It’s A Wonderful Afterlife – Review
Posted by Vivek on October 11, 2010 | 1 Comment
It’s A Wonderful Afterlife – Not Quite There
Director: Gurinder Chadha. Cast: Shabana Azmi, Sendhil Ramamurthy, Sanjeev Bhaskar, Shaheen Khan, Jimmy Mistry.
Giving up her love affair with Bollywood, Gurinder Chadha returns to her British and South Hall roots with It’s A Wonderful Afterlife.
The food centric, comedy murder drama (it indeed has all of those), starts out with a lot of promise. Boasting of a stellar actor cast, it brings “desis” from three regions of the globe, all together. There is Shabana Azmi from Bollywood, Sanjeev Bhaskar, Jimmy Mistry and Shaheen Khan, amongst others from UK and Sendhil Ramamurthy from the US.
The film begins with a series of murders happening in the primarily South Asian area of South Hall and the common theme among all the victims is their South Asian ethnicity and the fact that the murderer has used food, as the weapon of choice.
Enter a South Asian cop who is asked to integrate and investigate the community. To add to the drama, all the victims seem to have a common link and all of them are also floating around as ghosts since they cannot seem to get salvation.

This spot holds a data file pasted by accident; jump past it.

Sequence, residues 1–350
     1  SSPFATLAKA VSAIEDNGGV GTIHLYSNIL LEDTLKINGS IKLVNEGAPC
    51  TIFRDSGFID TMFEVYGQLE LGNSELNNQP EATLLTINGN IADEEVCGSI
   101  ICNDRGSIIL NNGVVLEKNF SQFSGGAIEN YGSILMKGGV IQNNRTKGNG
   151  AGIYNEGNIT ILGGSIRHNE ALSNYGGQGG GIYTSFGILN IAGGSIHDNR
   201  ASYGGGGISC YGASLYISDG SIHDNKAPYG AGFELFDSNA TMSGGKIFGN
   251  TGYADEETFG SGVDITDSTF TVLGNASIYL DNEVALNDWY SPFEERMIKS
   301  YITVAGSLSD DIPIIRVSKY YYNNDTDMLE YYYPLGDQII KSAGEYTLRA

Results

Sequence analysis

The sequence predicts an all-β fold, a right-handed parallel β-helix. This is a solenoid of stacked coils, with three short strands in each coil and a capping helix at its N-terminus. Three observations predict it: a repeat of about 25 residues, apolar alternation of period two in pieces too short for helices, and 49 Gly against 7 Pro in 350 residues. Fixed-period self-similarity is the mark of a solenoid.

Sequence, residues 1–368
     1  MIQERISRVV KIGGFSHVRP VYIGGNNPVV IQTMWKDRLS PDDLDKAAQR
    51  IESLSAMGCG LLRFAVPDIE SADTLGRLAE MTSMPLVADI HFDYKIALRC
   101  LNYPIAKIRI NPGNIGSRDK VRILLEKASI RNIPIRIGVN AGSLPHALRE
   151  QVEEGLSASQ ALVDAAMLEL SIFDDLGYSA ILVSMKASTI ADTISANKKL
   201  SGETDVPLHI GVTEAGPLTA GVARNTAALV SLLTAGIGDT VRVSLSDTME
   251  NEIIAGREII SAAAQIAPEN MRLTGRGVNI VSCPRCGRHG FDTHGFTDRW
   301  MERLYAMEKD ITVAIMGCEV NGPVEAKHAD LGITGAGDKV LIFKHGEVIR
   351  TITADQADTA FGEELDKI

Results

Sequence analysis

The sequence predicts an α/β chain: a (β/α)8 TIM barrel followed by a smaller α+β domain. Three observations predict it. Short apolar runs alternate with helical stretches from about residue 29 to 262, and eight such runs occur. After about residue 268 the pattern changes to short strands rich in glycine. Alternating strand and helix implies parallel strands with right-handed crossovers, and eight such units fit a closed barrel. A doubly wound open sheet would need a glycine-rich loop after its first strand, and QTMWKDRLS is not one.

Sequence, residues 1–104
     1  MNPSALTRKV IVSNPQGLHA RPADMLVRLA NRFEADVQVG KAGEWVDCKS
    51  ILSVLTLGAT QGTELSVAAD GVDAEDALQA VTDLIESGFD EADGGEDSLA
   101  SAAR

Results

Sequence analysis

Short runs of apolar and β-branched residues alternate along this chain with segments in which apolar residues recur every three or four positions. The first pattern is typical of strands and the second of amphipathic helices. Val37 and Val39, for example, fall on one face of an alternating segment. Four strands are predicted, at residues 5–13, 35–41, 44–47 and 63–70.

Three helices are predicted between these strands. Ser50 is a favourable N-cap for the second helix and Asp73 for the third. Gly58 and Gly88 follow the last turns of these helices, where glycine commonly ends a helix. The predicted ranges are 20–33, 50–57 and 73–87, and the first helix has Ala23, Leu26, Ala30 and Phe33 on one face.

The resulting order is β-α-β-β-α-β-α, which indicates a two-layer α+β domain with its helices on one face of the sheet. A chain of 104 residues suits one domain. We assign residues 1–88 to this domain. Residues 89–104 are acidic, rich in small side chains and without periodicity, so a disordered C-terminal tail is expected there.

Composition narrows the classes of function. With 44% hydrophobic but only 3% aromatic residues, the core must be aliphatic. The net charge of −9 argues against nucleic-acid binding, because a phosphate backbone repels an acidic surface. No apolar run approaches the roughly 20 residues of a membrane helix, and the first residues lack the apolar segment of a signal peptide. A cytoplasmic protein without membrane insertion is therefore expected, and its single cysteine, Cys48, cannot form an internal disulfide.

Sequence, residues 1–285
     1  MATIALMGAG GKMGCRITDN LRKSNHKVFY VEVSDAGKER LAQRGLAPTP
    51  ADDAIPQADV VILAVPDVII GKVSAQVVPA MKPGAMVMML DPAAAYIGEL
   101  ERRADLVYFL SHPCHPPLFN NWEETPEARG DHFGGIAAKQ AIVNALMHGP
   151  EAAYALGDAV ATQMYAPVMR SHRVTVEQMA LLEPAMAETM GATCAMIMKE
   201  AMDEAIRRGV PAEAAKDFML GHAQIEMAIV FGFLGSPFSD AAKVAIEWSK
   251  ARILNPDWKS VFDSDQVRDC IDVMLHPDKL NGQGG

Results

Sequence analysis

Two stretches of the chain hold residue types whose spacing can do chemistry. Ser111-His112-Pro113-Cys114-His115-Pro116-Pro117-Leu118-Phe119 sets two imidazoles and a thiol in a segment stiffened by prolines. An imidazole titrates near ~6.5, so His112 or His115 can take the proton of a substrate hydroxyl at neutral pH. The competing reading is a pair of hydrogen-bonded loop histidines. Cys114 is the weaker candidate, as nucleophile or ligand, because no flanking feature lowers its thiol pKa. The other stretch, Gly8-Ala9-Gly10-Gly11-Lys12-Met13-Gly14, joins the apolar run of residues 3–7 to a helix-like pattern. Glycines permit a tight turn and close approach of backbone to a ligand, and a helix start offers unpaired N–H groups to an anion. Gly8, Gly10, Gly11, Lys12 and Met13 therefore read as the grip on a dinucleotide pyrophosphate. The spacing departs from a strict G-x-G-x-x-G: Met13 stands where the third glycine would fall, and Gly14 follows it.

To add to this is a South Asian mother trying desperately to get her daughter married.
The comic moments in all of this is definitely there, but somehow the film meanders and loses itself. The thread which joins all of these seemingly unrelated sub plots, is not able to weave a very compelling story. So while the film does have its classic, Gurinder Chadha hallmark moments, it is not able to quite catch the attention of the audience as a seamless film.
In fact it almost seems like a rushed comedy that is missing the train, and is trying hard, sometimes too hard, to get to the station. Add to that talented actors such as Sanjeev and Jimmy have been wasted.
There are fine performances from the two female characters, Goldy Notay and Sally Hawkins. Sendhil Ramamurthy has a strong screen persona .Where the film really falls flat is in the scripting.
The predictability of the scenes unfolding make the audience believe that almost the entire movie has been seen before, in bits and pieces, in other movies.
Overall, not entirely avoidable, but certainly not one that will create an uproar at the box office.